Each sound or tone represented by the notes in the above diagram can be produced using a musical instrument. This transforms our visual only presentation (the notes as they appear on the notation chart) into an audio presentation, what we hear when played by an instrument. When both the visual and audio are performed by a musician we call this “sight reading” of music. Again, the notes are relative to each other, higher or lower, and we understand their relationship by making the visual comparison of one to the other. We can see pitch visually in this way and at the same time hear the sound in an analog or auditory way by playing the notes on an instrument or we can do the same thing by playing a sound clip at the same time we look at the chart below. So, before playing the notes first look at the chart and make some distinctions such as, the first note is lower than the second note which is located higher on the chart. Then click on the link and listen to the sound, paying attention to and identifying the differences between the two notes being played.
In essence, we have two methods of determining pitch using our senses, sight and hearing. We will limit our understanding to these two senses at this time, unless you are so inclined to pull out your musical instrument and play the notes now if you wish. By doing this you can experience the notes in three senses; hearing, sight and tactile feeling. However, it is important to know that through a multiple sensory approach such as this we can learn to associate the sound of the note on the staff and in reverse hear the note, randomly name it when played and learn how to notate music that is rolling around in your head. We can also learn to sing from this basis too.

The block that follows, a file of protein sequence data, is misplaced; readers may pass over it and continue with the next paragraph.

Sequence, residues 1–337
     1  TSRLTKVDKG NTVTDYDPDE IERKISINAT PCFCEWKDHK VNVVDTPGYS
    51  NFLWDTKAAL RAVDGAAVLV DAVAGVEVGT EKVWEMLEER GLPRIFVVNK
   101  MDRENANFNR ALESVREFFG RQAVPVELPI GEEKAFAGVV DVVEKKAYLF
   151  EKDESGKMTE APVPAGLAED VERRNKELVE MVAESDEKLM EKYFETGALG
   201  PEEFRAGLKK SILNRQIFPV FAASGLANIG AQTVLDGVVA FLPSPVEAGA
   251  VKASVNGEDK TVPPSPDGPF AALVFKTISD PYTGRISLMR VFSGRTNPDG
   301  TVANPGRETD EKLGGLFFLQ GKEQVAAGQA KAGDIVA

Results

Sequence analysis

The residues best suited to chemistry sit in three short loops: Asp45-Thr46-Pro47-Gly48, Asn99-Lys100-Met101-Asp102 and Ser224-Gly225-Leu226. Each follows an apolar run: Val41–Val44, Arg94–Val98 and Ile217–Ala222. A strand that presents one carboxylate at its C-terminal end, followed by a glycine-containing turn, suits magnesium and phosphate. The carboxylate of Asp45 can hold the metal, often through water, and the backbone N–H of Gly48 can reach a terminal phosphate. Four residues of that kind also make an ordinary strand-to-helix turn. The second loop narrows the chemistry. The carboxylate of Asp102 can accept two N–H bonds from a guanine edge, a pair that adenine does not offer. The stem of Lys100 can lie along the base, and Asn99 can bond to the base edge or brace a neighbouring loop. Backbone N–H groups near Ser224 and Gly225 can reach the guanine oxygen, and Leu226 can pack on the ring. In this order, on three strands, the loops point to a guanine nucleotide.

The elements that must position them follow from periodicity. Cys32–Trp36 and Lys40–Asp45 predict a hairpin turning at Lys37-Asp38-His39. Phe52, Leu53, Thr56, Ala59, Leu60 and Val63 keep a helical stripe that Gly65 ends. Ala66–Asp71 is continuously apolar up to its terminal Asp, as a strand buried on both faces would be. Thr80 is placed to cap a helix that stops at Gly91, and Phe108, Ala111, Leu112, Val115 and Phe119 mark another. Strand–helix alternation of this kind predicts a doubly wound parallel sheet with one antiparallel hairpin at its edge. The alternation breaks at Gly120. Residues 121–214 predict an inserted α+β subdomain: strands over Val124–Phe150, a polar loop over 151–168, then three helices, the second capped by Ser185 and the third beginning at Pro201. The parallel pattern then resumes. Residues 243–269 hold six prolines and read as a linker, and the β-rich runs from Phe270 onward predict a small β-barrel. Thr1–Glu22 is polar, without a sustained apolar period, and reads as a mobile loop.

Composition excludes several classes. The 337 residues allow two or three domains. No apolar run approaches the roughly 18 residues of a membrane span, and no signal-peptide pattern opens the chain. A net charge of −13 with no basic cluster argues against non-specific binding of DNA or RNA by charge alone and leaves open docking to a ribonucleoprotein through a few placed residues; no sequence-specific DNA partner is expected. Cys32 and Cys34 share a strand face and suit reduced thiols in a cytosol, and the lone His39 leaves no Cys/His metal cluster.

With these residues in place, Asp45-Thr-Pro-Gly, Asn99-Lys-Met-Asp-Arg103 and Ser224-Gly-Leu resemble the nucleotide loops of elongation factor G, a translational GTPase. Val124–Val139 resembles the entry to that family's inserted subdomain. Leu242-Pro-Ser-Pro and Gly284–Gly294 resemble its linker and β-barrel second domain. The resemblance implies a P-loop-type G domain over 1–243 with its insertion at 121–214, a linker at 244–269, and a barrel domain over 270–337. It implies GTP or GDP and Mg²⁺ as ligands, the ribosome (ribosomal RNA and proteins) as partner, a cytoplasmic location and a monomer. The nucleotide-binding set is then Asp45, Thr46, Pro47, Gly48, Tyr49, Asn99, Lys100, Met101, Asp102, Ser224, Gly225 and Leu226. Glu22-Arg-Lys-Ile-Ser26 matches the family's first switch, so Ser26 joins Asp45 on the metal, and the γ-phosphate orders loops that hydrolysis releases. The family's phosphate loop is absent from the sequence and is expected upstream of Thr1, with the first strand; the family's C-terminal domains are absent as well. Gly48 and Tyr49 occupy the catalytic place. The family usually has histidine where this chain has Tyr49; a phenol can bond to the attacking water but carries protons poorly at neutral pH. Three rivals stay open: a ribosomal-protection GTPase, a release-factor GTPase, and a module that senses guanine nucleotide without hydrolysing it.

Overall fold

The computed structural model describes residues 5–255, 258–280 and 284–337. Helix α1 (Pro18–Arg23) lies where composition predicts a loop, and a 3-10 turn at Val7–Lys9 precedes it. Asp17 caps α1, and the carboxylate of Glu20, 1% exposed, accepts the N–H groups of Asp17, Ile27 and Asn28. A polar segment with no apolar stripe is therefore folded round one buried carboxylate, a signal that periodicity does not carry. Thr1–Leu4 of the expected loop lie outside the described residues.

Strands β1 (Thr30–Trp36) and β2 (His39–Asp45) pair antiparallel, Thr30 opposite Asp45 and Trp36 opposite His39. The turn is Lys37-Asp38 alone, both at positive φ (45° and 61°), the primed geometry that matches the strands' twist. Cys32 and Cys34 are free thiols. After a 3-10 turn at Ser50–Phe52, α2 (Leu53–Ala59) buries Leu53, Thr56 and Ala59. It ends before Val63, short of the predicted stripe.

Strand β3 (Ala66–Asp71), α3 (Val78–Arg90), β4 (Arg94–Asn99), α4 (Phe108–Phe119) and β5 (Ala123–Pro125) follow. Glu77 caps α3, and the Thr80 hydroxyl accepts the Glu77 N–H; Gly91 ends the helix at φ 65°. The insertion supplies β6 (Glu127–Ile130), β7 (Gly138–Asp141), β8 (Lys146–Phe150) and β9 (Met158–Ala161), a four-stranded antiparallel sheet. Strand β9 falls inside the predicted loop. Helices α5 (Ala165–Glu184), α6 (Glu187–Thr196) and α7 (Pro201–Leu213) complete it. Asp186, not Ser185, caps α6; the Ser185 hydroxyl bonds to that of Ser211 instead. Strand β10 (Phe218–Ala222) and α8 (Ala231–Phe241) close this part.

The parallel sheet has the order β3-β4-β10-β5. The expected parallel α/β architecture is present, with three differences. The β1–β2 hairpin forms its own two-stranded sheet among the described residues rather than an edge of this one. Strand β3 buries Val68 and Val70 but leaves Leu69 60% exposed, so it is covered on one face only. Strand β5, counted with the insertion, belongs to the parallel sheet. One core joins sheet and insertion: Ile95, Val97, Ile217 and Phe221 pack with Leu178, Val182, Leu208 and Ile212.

Characteristics of Sound – Duration – Duration is the second basic characteristics of sound. It is also a simple concept whereby we make additional distinctions based upon the linear structure we call time. In music, the duration is determined by the moment the tone becomes audible until the moment the sound falls outside of our ability to hear it or it simply stops. In music notation, a half note is longer than an eighth note, a quarter note is shorter in duration than a whole note, for example.
As shown in the following chart, visually, we see notes represented by different note shapes. These shapes determine the designated amount of time they are to be played. Silence is also represented in the chart by the funny little shapes in between the notes. They are called rests and this is also heard as silence and they too exist only for the designated time associated to the rest’s shape. Note shapes partially determine the duration of the audible sound and rest shapes partially determine the duration of silence in music. We will see in a minute how this can vary.